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Seasonal Eating for May, and the Yin Yang Principles

Ila Bonczek
Ila lives in the Garden State with her family and four chickens. She has been growing produce and perennials for 20 years, and recommends gardening for food and fun, but not for fortune.
Published: May 3, 2023
Seasonal eating helps us adjust to the cycle of changing weather patterns and balance the energy of yin and yang in our bodies. (Image: Enotovyj via Pixabay)

Continuing our series on seasonal eating, today we will examine the aspect of balance. Eating seasonally is a natural way to keep your body in harmony with your external environment as it passes through the four seasons. While the idea of eating warming foods in the winter and cooling foods in the summer may seem perfectly logical, determining which foods are warming and cooling can be complicated. Going far beyond just the temperature of the food, one has to consider its very nature.

Ancient Chinese philosophy holds that everything in the universe is made of two mutually opposing, but complementary forces (the qi of yin and yang). To achieve harmony (the key to wellness), yin and yang must be in balance; and to balance them properly, we need to understand what each force encompasses. 

Yin and Yang

Yin is considered feminine; its nature is cool, dark, passive, soft, quiet, contracting inward or downward, and moist. In terms of food, the quality manifests as sour or bitter flavors, animal products from water-dwellers, the presence of potassium, high water content, or cooking with water. 

Yang is considered male; its nature is warm, bright, tough, lively, expanding outward or upward and dry. In terms of food, the quality manifests as salty or spicy flavors, animal products from flying creatures, warm-colored foods, or those roasted with fire. 

In China, bitter melon topped with salted duck egg is a classic seasonal food for May. (Image: Gastronautdiary via Duckduckgo)

Balanced food for seasonal eating

Sorting out which foods are yin and yang is no simple matter; since everything contains both forces to a greater or lesser degree, and various qualities must be taken into account for assessment. Thus, there will be many exceptions to any generalizations. 

For example, fruits are generally considered more yin, while meat is considered more yang; but within each food group there is a loose continuum, which can cause apparent overlap and confusion. That said, the following chart will give you a basic idea about your starting ingredients, with foods generally becoming progressively more yin from top to bottom, and left to right.

More YangModerately YangNearly neutral/ balanced Moderately YinMore Yin
(more yang)
Turkey, duckPoultry, lambRabbitBeefPork
SeafoodCaviar, anchovies, sardinesHerring, salmon, smoked fishShrimp, lobster, catfishTrout, bass, flounder, perchOysters, squid, eel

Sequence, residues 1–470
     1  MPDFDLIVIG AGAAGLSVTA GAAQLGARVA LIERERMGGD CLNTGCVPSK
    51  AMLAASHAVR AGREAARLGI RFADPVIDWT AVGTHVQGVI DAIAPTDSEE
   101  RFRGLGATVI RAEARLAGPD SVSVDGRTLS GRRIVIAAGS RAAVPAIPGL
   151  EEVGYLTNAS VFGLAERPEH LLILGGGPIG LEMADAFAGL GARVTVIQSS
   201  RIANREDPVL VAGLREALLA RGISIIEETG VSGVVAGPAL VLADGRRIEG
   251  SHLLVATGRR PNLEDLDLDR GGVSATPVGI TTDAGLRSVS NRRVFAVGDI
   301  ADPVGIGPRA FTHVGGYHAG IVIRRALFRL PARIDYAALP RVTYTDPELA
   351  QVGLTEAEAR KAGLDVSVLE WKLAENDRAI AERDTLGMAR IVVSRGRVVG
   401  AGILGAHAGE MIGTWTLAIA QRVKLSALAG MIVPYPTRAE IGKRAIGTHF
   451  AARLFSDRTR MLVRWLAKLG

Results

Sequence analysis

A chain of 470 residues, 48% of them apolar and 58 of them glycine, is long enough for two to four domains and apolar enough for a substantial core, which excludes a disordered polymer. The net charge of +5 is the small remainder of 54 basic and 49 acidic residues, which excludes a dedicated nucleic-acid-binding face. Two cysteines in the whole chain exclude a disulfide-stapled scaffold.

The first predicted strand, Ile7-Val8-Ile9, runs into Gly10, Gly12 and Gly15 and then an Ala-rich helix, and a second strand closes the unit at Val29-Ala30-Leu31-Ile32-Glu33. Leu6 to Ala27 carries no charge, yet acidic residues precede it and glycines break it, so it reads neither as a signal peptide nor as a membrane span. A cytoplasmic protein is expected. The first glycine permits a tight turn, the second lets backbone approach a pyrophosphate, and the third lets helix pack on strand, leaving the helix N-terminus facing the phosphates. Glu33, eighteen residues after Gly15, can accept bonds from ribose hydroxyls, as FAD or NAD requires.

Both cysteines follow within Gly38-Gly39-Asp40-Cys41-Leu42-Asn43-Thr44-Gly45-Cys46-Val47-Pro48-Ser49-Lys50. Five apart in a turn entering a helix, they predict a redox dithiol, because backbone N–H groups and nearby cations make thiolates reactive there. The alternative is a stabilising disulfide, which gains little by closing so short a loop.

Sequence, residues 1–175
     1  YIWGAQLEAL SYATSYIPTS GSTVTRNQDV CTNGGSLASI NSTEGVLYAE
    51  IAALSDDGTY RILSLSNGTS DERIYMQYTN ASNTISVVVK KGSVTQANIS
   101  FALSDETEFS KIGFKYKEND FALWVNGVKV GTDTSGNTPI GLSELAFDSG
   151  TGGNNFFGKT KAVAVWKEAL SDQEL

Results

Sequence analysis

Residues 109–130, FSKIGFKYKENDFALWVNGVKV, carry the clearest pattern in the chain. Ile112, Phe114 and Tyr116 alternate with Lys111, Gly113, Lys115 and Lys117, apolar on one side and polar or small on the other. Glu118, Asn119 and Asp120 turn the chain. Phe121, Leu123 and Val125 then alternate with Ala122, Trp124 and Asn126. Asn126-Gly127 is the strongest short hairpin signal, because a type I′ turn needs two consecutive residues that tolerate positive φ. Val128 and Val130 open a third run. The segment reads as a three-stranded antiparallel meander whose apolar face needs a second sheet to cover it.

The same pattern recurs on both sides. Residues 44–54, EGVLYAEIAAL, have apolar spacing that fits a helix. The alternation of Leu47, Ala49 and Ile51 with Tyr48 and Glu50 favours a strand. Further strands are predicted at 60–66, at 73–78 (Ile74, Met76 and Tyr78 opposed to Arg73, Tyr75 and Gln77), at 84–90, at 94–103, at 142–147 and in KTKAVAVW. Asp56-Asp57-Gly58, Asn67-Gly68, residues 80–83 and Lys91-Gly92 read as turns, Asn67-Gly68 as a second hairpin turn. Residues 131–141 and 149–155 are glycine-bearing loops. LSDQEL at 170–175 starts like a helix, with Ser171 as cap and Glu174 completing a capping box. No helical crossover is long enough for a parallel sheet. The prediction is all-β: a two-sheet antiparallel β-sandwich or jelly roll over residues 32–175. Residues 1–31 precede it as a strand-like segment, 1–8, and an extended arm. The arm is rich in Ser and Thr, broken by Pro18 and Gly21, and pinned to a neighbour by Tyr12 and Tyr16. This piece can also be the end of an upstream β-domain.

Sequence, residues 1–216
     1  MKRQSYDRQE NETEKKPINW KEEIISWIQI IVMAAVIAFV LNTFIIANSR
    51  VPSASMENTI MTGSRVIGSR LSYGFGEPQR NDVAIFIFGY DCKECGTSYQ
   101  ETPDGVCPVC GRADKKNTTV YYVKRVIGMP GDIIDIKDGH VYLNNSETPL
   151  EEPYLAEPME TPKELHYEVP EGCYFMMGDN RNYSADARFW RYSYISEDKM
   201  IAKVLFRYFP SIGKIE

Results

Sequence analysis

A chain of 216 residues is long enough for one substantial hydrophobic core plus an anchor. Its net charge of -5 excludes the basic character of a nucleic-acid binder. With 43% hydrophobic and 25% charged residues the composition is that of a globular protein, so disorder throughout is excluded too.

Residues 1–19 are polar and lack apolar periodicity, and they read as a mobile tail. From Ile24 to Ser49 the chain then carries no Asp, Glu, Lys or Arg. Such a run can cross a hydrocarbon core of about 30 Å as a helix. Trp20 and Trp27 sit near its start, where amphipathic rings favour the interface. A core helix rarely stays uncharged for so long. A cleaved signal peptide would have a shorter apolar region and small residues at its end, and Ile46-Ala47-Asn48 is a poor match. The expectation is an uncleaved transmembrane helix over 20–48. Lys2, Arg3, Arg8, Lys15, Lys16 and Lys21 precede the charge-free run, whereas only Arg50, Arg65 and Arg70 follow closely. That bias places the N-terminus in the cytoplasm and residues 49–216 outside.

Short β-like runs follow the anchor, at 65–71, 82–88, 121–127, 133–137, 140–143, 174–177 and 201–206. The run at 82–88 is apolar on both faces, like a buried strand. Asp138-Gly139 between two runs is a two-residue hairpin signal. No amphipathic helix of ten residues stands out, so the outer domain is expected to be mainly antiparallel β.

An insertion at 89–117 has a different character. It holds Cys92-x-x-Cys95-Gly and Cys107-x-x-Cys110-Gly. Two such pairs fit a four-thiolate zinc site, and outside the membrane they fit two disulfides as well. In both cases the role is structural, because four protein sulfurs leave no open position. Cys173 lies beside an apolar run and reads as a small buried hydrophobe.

Dairy/eggsHard, salty cheesesMedium cheesesMilk, eggs, curd cheesesYogurt, sour cream, butterKefir
GrainsBuckwheat, milletWhole wheat Rice, oatsBarley, rye Corn, refined/processed wheat
LegumesKidney beansAdzukiPeas, green beans, soy beansLentils, chickpeas, tofu, tempeh Black beans
VegetablesOnions, parsley, pumpkin, sweet potato/yam and other root vegetablesLeeks, kale, radishes, mustard greens, cauliflower, turnips,
Daikon, string beans, turnips, lettuce, cabbages, beetsCucumbers, asparagus, leafy greens, zucchini, mushrooms,
cilantro, sprouts, seaweed
Eggplant, tomatoes, potatoes, peppers, dandelion
Nuts/seedsSesame seedsPumpkin seeds Lotus seeds, unsalted peanutsAlmonds, walnutsCoconut 
(More Yin)
Apples, sweet cherriesRaspberriesPapaya, mulberriesFresh figs, strawberriesMelons, bananas, grapes, dates, mangoGrapefruit, pineapple, watermelon, lemons, papaya
SeasoningsSalt, pungent spices, chili pepperSoy sauce, horseradish, garlic, misoSeaweeds, aromatic herbs, sesame oilMost fats and oilsGinger, black pepper, sweeteners, vinegar
Substances like refined sugar, alcohol and drugs are all considered extremes on the scale of yin and yang, and should be limited or avoided. (Image: Ila Bonczek/Vision Times) 

In the application of traditional Chinese medicine (TCM), food can be used both to restore a deficiency of yin or yang, and to dispel an excess. To maintain harmony within, the goal is to have balanced meals — with enough yin to complement the yang, or vice versa. Taking the bulk of your diet from the more neutral areas (cooked grains, legumes and vegetables) is a good place to start, using the more polarized foods for added nutrition and flavor.

The four seasons also correspond to the dynamic cycle of yin and yang: Spring is called “Lesser Yang,” as warmth and sunlight begin to return; Summer is called “Greater Yang,” as it is hot, bright and dry; Fall is “Lesser Yin,” as cool weather sets in and daylight fades; and Winter is “Greater Yin,” featuring the coldest, darkest months.